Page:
Another recently discovered cultivar, Chicagoland Greenª boxwood (Buxus x ‘Glencoe’), has proved to be an excellent performer as far north as Minneapolis. This cultivar sports medium green foliage year-round and is a rather quick grower (everything is relative). Twelve year old plants at the Chicago Botanic Garden, where the plant was discovered, measure 3’ tall and 5’ wide.
Boxwood can be wired when branches are young and seem to thrive as pot plants. This would help explain their common use as topiary subjects as well as bonsai. Boxwood tends to be generally slow growing and the hard wood resists wiring after it has hardened. Several years may be needed to move a branch.
Repot boxwood every two years. Spring is the best time, but it can be repotted in summer and fall if needed. But, avoid repotting during very hot weather or during a growth spurt. Use basic bonsai soil. Boxwood dislikes acid soil, and the use of limestone in the soil mix or adding an occasional dose of lime to the soil is recommended. Soil must be well drained. Their root system tends to have a stringy quality that tolerates root pruning well. It is not the matted fibrous roots of potted azaleas or junipers, but has similar characteristics if it becomes root bound. I have had good luck just cutting out wedges and the periphery of the stringy roots when repotting Wiring the tree into the pot is very important for re-establishment of roots in the pot. This allows them to be grown in a variety of individual styles as well as in miniature landscapes.
Pests and diseases: Nematodes, mites and leaf miners, scale insects, blackfly, greenfly, and red spider mites. Although box is very disease resistant, honey fungus and rust are sometimes encountered.
Boxwood are forgiving in their growing location as they have been adapted to many locations over the years. Originating as an under story plant they tolerate medium shade, filtered sun, or full sun for the varieties adapted for hedging. If you have a specimen that is getting leggy then try putting it in the ground in full sun for a year or two. It will back bud and fill in allowing you to chase the foliage pads back to where they should be for your design.
Watering: Boxwood likes water, particularly when in a pot. It is important to keep the shallow root system cool and moist. Small boxwood bonsai should be kept damp and watered twice daily in hot weather. However, do not allow the soil to become saturated or the pot to stand in water.
Woody cuttings can be taken any time during the growing season. My experience with boxwood cuttings is they are very slow to root and will continue to be green and apparently healthy several months after cuttings are struck, even if there has been no visible root growth. I have learned not to disturb boxwood cuttings until I can see new growth on the tips of the branchlets. I have read a couple of places hat fall cutting can yield good results, but this has not been my experience. Those authors my live in the south and have very mild winters to contend with.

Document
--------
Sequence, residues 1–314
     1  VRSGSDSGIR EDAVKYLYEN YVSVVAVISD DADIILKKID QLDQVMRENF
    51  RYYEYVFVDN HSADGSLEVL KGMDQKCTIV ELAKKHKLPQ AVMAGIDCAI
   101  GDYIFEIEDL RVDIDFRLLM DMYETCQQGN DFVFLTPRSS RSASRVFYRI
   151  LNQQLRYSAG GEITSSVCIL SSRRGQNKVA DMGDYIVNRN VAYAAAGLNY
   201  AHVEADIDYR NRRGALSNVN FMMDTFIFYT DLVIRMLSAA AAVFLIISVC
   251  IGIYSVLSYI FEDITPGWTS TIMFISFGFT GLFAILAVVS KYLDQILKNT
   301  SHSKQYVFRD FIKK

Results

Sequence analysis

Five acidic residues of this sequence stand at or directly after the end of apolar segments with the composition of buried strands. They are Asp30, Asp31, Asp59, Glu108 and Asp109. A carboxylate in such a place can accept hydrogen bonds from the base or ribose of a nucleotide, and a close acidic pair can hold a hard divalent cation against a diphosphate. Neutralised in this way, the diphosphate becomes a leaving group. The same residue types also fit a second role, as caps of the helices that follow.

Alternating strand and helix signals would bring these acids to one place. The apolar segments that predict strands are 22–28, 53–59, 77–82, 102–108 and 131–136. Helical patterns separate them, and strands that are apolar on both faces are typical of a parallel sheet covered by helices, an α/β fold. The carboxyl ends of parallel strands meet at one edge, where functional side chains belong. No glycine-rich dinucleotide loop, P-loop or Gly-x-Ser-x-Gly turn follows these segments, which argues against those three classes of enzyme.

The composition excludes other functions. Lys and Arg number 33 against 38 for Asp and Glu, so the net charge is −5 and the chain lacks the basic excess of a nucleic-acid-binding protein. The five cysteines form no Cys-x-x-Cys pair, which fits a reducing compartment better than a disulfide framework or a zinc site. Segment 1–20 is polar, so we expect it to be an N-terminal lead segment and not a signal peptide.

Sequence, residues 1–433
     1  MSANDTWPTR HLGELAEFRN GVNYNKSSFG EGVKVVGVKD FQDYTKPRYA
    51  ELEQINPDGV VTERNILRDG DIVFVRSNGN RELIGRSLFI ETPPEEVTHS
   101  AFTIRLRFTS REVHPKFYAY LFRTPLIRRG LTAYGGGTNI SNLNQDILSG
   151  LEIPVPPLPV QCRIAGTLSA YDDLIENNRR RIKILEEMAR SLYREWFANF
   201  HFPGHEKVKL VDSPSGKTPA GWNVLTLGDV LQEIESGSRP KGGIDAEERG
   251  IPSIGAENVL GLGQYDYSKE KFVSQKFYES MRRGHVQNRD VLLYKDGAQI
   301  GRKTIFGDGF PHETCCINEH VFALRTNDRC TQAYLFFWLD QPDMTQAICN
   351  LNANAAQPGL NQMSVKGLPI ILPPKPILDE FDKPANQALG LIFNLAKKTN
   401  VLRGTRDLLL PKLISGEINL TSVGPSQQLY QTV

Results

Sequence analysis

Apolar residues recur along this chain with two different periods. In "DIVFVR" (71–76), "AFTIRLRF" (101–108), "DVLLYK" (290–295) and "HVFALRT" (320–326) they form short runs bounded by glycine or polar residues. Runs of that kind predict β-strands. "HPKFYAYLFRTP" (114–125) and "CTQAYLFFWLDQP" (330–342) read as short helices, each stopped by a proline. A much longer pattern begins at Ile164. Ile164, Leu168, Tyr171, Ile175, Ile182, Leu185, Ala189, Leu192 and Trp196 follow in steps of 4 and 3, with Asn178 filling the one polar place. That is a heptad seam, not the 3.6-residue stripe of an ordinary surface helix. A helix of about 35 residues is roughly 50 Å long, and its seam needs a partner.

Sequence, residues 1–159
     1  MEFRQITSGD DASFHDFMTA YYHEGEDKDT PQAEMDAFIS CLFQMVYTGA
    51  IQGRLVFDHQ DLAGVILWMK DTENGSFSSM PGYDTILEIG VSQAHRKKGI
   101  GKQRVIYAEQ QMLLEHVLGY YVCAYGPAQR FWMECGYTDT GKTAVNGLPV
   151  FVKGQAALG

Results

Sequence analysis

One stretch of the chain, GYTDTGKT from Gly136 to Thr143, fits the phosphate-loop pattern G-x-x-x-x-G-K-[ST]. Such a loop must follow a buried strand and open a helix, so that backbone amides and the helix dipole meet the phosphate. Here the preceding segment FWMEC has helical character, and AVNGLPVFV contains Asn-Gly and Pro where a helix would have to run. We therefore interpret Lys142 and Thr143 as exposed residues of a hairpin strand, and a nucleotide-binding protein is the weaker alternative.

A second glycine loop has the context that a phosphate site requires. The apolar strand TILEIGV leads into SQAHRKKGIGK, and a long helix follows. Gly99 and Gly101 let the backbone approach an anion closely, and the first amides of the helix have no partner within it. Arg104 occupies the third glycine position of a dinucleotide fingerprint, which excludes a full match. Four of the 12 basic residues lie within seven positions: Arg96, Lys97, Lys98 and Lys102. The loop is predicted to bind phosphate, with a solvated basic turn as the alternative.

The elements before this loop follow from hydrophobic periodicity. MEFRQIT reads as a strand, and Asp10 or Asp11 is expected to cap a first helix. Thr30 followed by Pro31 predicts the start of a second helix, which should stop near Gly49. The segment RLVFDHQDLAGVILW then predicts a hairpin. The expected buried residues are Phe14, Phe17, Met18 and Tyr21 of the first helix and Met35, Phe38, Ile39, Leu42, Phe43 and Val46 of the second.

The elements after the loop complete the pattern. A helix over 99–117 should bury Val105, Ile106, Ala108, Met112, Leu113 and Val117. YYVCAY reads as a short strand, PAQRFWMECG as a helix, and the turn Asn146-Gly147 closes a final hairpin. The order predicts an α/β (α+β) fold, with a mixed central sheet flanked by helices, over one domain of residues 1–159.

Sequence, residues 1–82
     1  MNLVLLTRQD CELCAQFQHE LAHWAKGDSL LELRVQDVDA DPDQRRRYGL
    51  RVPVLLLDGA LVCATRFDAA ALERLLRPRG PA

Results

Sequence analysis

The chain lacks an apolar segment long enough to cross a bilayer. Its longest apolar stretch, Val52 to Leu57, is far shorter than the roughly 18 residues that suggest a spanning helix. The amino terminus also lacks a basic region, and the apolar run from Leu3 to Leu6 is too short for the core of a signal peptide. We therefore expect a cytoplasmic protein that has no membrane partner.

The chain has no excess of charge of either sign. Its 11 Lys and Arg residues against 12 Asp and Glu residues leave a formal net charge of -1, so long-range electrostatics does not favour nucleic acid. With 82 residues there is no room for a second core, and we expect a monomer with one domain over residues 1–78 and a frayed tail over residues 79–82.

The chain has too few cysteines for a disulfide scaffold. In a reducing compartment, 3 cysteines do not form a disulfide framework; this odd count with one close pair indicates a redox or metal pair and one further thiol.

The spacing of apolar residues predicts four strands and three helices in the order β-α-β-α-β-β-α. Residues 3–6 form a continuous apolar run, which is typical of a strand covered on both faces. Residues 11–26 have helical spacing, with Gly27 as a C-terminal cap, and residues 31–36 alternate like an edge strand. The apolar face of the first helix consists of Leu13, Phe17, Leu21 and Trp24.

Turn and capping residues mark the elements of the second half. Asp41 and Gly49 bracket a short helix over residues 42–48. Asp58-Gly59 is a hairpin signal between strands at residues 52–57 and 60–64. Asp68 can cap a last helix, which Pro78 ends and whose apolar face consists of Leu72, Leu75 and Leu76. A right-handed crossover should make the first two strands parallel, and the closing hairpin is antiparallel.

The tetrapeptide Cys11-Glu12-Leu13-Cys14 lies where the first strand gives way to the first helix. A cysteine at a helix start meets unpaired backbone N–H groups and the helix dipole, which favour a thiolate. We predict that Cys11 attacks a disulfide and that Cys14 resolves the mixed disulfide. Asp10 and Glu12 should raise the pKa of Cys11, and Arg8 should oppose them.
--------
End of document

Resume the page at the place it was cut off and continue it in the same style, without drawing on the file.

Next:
Boxwood likes a balanced fertilizer from the time it buds out to late fall. In Columbus this would be late April to October.
Over-wintering: Shelter the hardy boxwoods from winter sun. It doesn’t have to be absolute, a partly sunny or shady location, possibly in the under story of a large tree or under a bench, or on the east or north side of a building or fence
http://www.bonsai-bci.com/species/boxwood.html by Sabrina Caine and Thomas L. Zane
Boxwood in the North? by Jeff Epping, in
Species Guide: Boxwood
By Keith Scot
Species: Common name: Boxwood
Botanical name: Buxus
Japanese name: Hime-tsuge
Varieties used as bonsai: For smaller bonsai the Buxus microphylla compacta "kingsville" has no real peer; however, in recent years reversions of kingsville have flooded the bonsai market. For larger bonsai, the Korean, Japanese, and older forms of English boxwood have proven to produce fine specimens.
Advantages: "Kingsville" as well as its predecessors, microphylla and compacta produce superior small trees. Their ruddy bark and good buttress formation set them apart. But the most engaging factor is their small leaves. They can be wired when branches are young and seem to thrive as pot plants. Their abundant root system allows them to be grown in a variety of individual styles as well as in miniature landscapes.
Disadvantages: Slow to produce vigorous growth when newly propagated. Also, they tend to be generally slow growing except in the tree forms. While hardy, many of the southern boxwoods do not tolerate Pittsburgh winters. Since they are broad-leave evergreens that will profit from winter protection, particularly from sun.
Suitability as bonsai (1 is least suitable 10 is most suitable): 9/10
Growing location: Filtered sun
Watering: Boxwood likes water, particularly when in a pot. Small boxwood bonsai should be kept damp and watered twice daily in hot weather.
Propagation: Woody cuttings can be taken any time during the growing season.
Fertilizing: Balanced fertilizer May to October.
Over-wintering: Shelter the boxwood from winter sun.
Styling: Informal upright and in tray landscapes.